Umbilical hernias and cirrhose

Service de chirurgie hépatobiliaire et pancréatique, Hôpital Beaujon, 100, boulevard du Général-Leclerc, 92110 Clichy, France. Electronic address: .
Journal of Visceral Surgery (Impact Factor: 1.75). 11/2012; 149(5). DOI: 10.1016/j.jviscsurg.2012.04.002
Source: PubMed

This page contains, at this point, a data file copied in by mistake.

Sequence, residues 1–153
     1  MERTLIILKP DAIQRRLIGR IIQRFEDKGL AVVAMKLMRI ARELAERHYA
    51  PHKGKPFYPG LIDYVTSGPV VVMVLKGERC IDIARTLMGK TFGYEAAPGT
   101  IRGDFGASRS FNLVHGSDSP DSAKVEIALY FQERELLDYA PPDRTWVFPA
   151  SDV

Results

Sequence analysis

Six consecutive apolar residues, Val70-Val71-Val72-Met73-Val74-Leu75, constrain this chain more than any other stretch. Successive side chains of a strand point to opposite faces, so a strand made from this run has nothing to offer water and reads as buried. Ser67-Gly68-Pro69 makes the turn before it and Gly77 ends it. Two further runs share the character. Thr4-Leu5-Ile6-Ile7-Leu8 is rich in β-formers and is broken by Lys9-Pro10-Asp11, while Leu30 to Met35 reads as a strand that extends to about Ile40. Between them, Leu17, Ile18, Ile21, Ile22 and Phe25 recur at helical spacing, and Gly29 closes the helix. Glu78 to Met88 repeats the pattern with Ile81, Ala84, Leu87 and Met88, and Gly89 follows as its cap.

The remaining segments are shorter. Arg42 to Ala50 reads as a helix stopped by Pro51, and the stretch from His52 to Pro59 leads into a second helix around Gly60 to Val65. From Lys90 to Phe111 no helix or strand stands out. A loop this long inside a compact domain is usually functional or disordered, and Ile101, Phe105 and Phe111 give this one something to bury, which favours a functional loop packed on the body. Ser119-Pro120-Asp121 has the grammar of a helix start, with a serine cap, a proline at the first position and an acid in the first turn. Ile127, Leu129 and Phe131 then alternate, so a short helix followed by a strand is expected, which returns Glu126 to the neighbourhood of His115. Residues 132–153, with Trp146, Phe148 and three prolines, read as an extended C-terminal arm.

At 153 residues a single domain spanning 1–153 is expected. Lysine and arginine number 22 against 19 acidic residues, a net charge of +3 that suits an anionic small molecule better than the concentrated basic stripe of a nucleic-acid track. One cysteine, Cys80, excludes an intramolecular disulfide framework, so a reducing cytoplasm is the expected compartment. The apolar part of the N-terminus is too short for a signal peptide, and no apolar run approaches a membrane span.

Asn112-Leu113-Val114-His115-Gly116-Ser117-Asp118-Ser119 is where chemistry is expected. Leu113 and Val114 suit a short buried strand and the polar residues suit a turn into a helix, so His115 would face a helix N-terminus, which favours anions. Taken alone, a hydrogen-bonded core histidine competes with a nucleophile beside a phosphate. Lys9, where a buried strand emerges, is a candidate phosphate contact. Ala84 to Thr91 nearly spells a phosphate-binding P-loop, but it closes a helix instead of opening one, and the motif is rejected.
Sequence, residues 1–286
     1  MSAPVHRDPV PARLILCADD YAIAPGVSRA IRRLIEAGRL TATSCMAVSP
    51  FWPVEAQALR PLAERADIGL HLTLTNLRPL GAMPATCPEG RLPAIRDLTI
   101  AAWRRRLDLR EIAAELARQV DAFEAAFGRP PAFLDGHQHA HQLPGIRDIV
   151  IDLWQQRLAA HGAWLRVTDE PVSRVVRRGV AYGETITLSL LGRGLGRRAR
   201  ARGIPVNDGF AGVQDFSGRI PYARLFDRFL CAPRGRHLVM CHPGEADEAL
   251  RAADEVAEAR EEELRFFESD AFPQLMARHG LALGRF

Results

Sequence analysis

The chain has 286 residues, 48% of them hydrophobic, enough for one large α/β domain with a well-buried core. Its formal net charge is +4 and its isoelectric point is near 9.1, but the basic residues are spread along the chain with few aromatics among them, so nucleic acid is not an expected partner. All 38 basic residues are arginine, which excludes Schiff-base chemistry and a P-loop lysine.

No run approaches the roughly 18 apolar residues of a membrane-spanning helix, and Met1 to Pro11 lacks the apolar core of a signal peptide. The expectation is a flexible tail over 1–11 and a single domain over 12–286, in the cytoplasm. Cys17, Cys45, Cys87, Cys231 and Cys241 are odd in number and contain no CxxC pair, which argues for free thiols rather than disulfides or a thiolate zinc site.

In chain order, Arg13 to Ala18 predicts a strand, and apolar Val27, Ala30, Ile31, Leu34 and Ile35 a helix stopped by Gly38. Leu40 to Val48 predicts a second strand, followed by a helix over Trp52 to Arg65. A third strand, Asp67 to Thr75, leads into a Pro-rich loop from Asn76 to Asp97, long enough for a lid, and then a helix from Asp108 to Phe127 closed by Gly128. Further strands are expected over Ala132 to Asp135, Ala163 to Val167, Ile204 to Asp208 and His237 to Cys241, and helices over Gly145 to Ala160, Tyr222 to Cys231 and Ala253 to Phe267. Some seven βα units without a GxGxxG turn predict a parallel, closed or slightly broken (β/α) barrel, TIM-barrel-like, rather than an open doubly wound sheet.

Umbilical hernia (UH) is the most frequent abdominal wall complication of ascites in cirrhotic patients. Treatment to control ascites, which mainly consists of repeated paracentesis or transjugular intrahepatic portosystemic shunt (TIPS), is mandatory; otherwise the risk of hernia recurrence is very high. Nowadays, surgical portosystemic shunts are rarely performed. Classically, hernia repair was offered only to patients with symptomatic UH, but presently, even if the hernia is minimally symptomatic, there is tendency to perform elective repair to avoid emergency surgery for complications associated with very high mortality and morbidity rates (rupture and strangulation). If liver transplantation is indicated, treatment of UH can be performed simultaneously, unless the hernia is highly symptomatic or complicated or if the waiting time on the transplantation list is long. During repair, necrotic skin tissue should be excised; the use of prosthetic material (if the defect is large) is possible with a low risk of infection as long as ascites is sterile. The advantage of laparoscopic repair of large UH is to avoid any skin incision (precluding ascitic fluid leak) and avoid exposing prosthetic mesh to necrotic infected tissue. If the defect is small, UH repair can be performed under local anesthesia.

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